Government has real service delivery success in things like healthcare provision to the poorest, along with giving housing, increasing basic education, and such like. But it will all be for naught if it can’t be paid for, and South Africans are reaching the limits of what they can bear.We have only 7 million taxpayers. Of these, only 2,8 million carry 97% of all personal income tax. It is a very precarious base off which to pay for the largest social security system (through providing state grants to 16 million) outside Europe and Canada.
This tiny base is being squeezed far more than is officially admitted. In the national accounts, 34% of all income comes from personal income tax, and 27% from VAT. The 2012 Economic Freedom of the World Report, which looks at tax rates in 37 countries, notes that our top income tax rates fell 10 percentage points between 1985 and 2010. Don’t imagine this generous. Where ours were the second lowest rates back in ’85, their subsequent reduction hasn’t kept pace with other countries. Today, 19 countries (of the 37 surveyed) give top taxpayers a better deal than SA.
Nor is there much room for the Exchequer to even be generous, given stated commitments to increasing the welfare net, and despite government having run a tight ship. Thus servicing our foreign debt is no longer the largest single expenditure item in the national budget, education and welfare grants now top that.
Those hoping that a crackdown on graft and state corruption could bring savings will be disappointed. Thus, while a report by research company TMS30x30 finds that 90% of people imagine a drop in taxes to be possible if corruption were beaten, the Auditor General only found R21bn of unauthorised state expenditure last year (not all corruption). That is less than 3% of government spend.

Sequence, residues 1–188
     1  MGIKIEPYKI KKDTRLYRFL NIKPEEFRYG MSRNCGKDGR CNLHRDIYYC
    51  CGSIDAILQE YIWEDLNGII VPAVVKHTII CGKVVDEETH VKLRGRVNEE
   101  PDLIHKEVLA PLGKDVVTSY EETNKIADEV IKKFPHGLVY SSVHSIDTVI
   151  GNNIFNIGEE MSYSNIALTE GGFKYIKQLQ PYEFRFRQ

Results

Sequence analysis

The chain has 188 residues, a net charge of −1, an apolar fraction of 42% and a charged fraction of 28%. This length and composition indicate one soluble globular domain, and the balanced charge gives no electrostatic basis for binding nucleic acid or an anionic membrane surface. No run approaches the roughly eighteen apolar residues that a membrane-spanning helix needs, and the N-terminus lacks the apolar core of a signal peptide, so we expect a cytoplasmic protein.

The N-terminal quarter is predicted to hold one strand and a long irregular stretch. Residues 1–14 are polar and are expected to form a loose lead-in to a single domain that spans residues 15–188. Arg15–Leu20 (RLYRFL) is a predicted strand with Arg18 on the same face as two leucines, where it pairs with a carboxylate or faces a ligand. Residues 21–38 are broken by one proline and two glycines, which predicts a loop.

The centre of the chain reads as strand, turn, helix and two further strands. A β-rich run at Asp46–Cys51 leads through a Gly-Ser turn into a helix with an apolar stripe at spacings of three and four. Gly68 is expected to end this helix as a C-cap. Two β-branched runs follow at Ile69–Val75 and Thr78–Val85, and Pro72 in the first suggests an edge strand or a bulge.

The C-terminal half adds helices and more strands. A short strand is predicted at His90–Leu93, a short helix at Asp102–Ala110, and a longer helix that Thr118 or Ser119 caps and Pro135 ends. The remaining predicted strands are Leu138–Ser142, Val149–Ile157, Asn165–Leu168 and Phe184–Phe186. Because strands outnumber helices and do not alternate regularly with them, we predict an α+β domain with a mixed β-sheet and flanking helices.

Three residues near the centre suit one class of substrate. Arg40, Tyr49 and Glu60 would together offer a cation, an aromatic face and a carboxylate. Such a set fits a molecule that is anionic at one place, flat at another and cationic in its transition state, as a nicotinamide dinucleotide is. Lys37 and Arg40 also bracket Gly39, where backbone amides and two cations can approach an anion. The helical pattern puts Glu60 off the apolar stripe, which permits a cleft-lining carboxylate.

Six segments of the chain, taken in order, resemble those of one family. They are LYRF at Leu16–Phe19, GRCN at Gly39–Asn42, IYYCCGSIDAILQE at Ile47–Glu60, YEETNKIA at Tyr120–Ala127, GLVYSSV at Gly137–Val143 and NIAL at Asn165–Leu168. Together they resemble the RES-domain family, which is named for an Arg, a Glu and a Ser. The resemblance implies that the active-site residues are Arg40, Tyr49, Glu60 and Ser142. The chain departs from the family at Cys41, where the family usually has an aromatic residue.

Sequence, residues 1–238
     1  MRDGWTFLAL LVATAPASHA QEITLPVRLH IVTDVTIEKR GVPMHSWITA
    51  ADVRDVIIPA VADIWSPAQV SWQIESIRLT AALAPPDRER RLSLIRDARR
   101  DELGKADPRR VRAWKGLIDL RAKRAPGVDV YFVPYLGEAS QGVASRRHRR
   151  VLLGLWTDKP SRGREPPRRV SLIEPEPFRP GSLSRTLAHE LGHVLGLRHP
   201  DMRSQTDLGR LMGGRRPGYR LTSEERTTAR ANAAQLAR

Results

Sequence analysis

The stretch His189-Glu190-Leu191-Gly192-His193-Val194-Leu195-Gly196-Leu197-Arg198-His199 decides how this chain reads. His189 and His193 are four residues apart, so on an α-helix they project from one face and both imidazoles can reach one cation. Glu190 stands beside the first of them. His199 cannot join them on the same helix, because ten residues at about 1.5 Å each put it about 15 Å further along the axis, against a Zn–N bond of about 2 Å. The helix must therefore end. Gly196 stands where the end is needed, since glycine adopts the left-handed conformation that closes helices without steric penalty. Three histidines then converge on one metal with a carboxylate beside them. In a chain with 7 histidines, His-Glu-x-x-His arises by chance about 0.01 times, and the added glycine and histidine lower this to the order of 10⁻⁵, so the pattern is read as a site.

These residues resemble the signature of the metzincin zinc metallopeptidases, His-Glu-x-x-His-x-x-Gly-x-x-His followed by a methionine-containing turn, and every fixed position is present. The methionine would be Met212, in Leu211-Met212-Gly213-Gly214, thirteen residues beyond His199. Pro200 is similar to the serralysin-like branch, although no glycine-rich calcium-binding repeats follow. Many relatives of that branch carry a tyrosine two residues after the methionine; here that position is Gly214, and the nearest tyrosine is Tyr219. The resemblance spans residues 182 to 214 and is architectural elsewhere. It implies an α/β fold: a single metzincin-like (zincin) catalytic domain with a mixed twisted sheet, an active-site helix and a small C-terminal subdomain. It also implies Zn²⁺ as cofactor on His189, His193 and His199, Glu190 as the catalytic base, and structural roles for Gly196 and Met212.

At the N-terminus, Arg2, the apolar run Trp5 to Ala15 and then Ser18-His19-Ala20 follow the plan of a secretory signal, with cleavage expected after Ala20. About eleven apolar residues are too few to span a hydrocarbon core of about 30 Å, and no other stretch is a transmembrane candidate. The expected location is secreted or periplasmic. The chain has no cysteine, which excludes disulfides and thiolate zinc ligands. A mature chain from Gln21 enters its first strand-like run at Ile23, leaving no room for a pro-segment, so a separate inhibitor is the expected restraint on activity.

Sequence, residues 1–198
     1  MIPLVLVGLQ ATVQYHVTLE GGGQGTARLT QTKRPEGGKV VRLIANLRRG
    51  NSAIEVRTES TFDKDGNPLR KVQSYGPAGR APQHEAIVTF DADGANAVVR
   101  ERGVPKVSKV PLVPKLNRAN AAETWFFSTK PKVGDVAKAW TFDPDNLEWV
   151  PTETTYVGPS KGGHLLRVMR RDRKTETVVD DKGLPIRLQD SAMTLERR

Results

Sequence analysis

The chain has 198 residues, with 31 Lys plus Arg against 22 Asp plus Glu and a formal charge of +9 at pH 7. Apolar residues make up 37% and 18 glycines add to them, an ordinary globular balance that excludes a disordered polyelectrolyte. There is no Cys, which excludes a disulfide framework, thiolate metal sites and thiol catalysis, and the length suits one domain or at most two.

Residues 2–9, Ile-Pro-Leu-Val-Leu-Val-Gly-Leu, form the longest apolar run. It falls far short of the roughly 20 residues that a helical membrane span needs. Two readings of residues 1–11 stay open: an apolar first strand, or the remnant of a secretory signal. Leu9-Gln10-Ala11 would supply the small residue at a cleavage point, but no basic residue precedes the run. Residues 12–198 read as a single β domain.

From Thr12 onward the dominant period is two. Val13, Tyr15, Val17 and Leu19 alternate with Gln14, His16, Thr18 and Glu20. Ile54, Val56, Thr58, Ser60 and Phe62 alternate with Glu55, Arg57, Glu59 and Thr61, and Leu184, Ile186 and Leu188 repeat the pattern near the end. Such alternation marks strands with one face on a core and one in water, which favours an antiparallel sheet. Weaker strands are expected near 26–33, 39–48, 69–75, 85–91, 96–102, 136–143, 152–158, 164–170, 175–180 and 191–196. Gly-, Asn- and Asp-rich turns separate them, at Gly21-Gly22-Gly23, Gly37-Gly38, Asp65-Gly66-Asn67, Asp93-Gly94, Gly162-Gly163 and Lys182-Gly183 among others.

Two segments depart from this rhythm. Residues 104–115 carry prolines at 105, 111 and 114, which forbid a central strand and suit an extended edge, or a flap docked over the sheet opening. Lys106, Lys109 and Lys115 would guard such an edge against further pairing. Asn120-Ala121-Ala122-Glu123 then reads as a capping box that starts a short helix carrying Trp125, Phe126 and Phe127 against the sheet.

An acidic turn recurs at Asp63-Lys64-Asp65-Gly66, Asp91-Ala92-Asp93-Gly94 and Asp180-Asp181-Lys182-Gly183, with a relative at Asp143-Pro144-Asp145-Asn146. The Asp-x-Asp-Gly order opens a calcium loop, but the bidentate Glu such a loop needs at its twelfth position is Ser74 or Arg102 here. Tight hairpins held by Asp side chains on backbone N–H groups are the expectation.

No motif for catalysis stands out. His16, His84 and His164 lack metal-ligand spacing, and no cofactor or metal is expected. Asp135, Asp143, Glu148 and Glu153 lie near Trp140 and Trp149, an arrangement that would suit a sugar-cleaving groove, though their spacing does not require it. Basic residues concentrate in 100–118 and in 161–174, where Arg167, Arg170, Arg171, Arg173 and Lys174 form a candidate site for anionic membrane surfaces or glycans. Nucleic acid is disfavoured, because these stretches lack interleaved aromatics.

Transparency International’s annual corruption perceptions index has South Africa improving her position even if falling relative to some others. We are perceived as less corrupt than our Brics colleagues of Brazil, Russia, India and China.
Even so, anecdotal evidence (such as opposition to Gauteng road tolls), along with a fall in expected Sars revenue receipts and a collapse in household savings (now at -0,1% from 1980’s 11%) means that South Africans can hardly keep themselves afloat month-to-month.
A proposed new savings incentive to be launched by government is already being dismissed by financial market analysts as unlikely to make any positive difference. The country’s thin paying base (sometimes erroneously termed “wealthy”) is broke and many even better-off households are hand-to-mouth.
One reason, argues economist Mike Schussler, is that government has over-reached itself in its obligations. Finance Minister Pravin Gordhan claims that the state takes 24% out of the private economy in tax. But by adding ancillary taxes (such as those of local government), along with costs for needed private healthcare, security, schooling and the like (which Gordhan ignores), Schussler reckons on at least 44% of all monies going to the state in one or other form.
Although unsustainable and undermining of our small tax base, prevailing dirigisme in the ruling party means that this won’t change soon. Rather, things such as national health insurance are mooted. It can only end in tears.
– Paul Pereira (first published in The Citizen, 9 April 2013)